The American Dance Experience and Africanist Dance Practices

A studio course introducing students to American dance aesthetics and practices, with a focus on how its evolution has been influenced by African American choreographers and dancers. An ongoing study of movement practices from traditional African dances and those of the African diaspora, touching on American jazz dance, modern dance, and American ballet. Studio work will be complemented by readings, video viewings, guest speakers, and dance studies.

Sample reading list:
Dixon-Gottschild, Brenda, Digging the Africanist Presence in American Performance
Emery, Fauley Lynn, Black Dance from 1619 to Today
Steans, Jean and Marshall, Jazz Dance, The Story of American Vernacular Dance
Goellner, W. Ellen, Murphy, Jacqueline Shea, eds., Bodies of the Text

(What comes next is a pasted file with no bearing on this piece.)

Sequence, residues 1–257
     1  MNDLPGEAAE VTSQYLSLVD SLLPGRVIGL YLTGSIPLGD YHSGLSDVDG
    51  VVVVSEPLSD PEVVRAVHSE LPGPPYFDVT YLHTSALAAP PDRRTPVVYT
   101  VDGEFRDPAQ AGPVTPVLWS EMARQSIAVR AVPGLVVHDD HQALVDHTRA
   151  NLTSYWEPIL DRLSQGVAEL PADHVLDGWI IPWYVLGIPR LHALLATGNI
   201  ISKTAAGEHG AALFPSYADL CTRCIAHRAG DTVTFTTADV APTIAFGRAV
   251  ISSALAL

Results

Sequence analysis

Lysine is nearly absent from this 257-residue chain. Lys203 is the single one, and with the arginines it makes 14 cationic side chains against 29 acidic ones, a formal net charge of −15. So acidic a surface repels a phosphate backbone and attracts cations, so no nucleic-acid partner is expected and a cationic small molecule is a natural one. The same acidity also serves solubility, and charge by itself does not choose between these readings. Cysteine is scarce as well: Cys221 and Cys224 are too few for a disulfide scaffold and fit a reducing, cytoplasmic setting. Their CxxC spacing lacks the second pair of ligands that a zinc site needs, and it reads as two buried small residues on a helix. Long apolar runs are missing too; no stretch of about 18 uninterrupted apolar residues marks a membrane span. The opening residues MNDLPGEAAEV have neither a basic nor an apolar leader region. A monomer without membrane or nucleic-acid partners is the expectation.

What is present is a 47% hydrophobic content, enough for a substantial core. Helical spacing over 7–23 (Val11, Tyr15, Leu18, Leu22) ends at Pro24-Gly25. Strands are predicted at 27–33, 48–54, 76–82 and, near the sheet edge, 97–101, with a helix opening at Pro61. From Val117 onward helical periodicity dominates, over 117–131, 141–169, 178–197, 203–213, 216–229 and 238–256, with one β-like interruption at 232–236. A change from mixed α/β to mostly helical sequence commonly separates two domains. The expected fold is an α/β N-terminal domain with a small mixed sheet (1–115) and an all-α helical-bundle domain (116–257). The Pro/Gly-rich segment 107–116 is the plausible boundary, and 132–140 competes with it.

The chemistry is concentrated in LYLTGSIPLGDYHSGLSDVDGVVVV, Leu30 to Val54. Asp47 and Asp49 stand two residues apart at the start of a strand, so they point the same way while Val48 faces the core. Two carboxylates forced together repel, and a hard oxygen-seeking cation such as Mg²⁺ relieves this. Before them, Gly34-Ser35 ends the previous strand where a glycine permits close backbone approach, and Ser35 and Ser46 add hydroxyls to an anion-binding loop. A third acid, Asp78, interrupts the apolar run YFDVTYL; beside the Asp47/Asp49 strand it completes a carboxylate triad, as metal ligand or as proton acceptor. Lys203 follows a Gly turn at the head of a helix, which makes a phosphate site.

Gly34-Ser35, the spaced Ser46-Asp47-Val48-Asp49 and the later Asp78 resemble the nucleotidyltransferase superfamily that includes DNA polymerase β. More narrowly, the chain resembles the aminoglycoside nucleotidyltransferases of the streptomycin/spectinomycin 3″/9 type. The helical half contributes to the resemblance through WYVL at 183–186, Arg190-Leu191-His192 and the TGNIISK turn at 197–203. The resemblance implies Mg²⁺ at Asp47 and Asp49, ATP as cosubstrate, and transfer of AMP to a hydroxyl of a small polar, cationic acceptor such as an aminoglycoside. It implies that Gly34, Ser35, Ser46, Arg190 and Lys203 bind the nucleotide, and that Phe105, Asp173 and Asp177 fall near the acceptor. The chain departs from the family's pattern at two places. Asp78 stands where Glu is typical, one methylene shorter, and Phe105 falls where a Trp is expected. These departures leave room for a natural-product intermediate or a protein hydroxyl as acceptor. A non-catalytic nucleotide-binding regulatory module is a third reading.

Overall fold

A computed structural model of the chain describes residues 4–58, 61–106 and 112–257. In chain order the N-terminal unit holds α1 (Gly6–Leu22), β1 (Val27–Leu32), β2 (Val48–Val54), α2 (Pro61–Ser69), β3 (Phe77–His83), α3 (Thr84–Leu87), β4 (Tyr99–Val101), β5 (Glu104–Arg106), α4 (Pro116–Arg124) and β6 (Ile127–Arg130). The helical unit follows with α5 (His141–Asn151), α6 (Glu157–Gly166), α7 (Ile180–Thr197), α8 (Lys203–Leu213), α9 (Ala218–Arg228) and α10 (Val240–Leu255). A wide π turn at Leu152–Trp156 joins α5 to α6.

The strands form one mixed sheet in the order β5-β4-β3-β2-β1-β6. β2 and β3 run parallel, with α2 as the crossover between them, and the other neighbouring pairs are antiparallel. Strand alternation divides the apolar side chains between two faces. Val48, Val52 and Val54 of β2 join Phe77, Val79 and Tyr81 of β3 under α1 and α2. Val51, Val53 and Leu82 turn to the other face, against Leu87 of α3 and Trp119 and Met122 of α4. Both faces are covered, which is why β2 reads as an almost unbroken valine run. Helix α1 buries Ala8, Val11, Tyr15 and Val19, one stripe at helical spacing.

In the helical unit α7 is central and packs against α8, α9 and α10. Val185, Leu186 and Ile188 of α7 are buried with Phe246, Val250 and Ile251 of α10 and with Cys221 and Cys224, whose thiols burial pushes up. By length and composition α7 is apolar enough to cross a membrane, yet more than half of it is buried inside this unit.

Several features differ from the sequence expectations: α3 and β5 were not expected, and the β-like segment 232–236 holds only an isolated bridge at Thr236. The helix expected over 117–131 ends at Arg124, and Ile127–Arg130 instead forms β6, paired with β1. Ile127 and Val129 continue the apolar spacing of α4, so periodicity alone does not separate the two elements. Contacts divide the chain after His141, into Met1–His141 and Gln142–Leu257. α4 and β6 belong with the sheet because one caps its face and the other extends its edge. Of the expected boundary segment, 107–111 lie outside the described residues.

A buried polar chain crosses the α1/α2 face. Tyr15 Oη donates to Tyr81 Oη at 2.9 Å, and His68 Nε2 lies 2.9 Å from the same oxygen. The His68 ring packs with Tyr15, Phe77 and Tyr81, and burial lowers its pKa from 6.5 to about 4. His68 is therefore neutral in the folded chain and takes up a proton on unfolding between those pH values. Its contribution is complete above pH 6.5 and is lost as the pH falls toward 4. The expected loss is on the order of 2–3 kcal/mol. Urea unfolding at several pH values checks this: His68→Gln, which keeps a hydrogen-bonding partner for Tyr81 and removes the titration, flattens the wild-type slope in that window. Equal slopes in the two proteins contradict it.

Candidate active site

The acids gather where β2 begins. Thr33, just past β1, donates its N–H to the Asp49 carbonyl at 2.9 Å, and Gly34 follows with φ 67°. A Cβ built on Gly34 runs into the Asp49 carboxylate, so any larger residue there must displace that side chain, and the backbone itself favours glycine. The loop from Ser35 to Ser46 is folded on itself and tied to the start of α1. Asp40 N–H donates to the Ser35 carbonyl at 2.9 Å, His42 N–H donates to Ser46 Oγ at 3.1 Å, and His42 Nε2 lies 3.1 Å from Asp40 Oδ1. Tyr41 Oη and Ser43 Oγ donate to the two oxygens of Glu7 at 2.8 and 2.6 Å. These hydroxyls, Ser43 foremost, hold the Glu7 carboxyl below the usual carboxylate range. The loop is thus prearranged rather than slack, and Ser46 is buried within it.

Desmond, Jane, ed., Meaning and Motion
Foster, Susan, ed., Choreographing History

Reading/Writing assignments:
Mid-term paper (4-5 pages). Final paper (5-6 pages). Two final dance studies. Readings: 50-100 pages per week. Dance studies every other week. Video viewings every other week.

Prerequisites and Restrictions:
Some form of social dancing, good, natural movement aptitude, or former dance training. This is an OPEN ENROLLMENT course.

Other information:
This course is primarily an experiential studio course. Its intent is to focus the first half of the semester on African dance aesthetics and relevant movement practices and the second, on several contemporary American choreographers whose work has been influenced to various degrees by these traditions.




Mondays and Wednesdays
2:30 - 4:20 pm


Dyane Harvey-Salaam